If you are considered a Resident Alien for tax purposes, then you are NOT ELIGIBLE for a FICA tax refund. Resident Aliens are treated (for tax purposes) like U.S. citizens.
For more information on Social Security and Medicare, download the U.S. Tax Guide for Aliens (PDF).
How to get a FICA tax refund
First, try to get a FICA refund from your employer. This is the easiest and most efficient way to get your refund. If you receive a refund from your employer, there is no need to file additional paperwork with the IRS.
If you have spoken to your employer and the company is unable to refund your FICA withholdings, you can file for a refund through the IRS.
To file with the IRS:
- You must try to get a statement from your employer concerning why they are unable to refund your FICA withholdings. If your employer refuses to give you a written statement, there is a space on Form 8316 to explain the situation.
- Fill out IRS Form 8316 (PDF)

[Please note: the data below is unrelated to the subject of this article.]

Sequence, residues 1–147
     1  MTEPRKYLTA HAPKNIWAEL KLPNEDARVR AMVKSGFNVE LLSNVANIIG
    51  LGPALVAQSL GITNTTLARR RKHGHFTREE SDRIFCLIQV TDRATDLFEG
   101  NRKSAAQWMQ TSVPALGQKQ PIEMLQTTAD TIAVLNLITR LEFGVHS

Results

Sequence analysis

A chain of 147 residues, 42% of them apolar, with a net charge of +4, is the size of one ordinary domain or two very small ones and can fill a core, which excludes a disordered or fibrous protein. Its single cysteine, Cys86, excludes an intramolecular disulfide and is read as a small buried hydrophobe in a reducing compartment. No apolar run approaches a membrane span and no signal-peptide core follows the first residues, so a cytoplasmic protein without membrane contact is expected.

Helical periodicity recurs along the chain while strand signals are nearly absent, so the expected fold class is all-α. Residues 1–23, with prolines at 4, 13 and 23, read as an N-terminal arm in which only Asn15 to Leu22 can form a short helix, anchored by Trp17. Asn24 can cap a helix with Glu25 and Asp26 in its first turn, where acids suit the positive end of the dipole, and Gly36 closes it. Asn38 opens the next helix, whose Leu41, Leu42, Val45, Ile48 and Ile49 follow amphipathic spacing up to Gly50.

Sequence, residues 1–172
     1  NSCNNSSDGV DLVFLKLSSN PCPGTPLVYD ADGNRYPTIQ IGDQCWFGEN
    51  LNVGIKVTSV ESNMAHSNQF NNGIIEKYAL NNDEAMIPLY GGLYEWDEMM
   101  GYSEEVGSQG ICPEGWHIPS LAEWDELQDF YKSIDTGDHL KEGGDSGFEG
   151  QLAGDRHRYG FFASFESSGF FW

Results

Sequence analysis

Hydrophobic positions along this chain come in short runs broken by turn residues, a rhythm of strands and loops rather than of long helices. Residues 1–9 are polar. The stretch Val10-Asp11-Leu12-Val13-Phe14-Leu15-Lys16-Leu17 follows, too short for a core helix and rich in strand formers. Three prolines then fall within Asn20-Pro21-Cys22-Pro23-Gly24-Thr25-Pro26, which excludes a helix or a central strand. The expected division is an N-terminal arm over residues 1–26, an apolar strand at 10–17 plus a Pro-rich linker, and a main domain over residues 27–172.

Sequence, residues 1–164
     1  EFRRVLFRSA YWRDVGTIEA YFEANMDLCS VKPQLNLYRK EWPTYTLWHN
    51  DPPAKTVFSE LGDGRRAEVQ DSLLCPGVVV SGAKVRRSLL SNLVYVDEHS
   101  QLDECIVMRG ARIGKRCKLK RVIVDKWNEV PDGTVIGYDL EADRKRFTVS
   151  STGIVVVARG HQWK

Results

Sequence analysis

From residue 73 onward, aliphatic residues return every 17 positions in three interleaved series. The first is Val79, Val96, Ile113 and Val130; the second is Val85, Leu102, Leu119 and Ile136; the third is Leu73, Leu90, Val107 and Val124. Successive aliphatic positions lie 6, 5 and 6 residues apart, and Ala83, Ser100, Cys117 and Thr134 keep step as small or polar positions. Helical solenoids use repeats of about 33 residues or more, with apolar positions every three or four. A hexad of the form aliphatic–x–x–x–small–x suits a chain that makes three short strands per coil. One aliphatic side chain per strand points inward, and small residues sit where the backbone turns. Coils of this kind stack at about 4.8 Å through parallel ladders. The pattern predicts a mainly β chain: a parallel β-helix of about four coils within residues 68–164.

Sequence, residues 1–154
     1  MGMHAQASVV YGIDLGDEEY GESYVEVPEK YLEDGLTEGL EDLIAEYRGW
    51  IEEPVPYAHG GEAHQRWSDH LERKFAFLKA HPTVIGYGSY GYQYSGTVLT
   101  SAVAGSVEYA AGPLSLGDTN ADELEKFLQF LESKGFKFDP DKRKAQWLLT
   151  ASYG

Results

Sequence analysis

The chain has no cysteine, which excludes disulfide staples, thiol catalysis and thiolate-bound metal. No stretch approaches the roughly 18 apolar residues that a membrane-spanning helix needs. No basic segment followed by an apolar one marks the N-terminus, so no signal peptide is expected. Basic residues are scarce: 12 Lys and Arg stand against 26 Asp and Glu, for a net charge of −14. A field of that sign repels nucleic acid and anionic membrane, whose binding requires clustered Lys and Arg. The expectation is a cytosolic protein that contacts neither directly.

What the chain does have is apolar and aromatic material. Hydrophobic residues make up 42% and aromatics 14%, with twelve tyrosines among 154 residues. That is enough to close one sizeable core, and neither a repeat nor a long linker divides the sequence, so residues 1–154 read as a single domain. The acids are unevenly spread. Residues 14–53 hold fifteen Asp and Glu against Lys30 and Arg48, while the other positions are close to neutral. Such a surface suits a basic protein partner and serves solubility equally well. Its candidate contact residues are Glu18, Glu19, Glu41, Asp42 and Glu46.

- Fill out IRS Form 843 (PDF)
Include the following documents in your mailing:
- A copy of your W-2
- A copy of your most recent nonresident income tax return (if available)
- A copy of the visa page of your passport
- A copy of Form I-94
- A copy of your work authorization (if you are on OPT)
- A copy of your Form I-20 or DS-2019 (if you are on CPT or Academic Training)
- A written statement that you unsuccessfully requested a refund of these taxes from your employer (This can be the statement you obtained from your employer, or your own statement that you were denied refund of these taxes by your employer and were unable to obtain a statement from them)
You can send your paperwork in one of two ways:
- If you are sending your paperwork with your tax returns, then send it to the same address you are sending your taxes.
- If you are sending your forms independent of your tax forms, you should send all your paperwork to this address:
Internal Revenue Service Center
ATTN: FICA Return
Department of the Treasury
Odgen, UT 84201-0038
Am I considered a Resident Alien for tax purposes?
Students in F-1 or J-1 status usually become Resident Aliens for tax purposes after spending a certain amount of time in the U.S. For F-1 students, the time is approximately five years; for J-1 students, it is two years.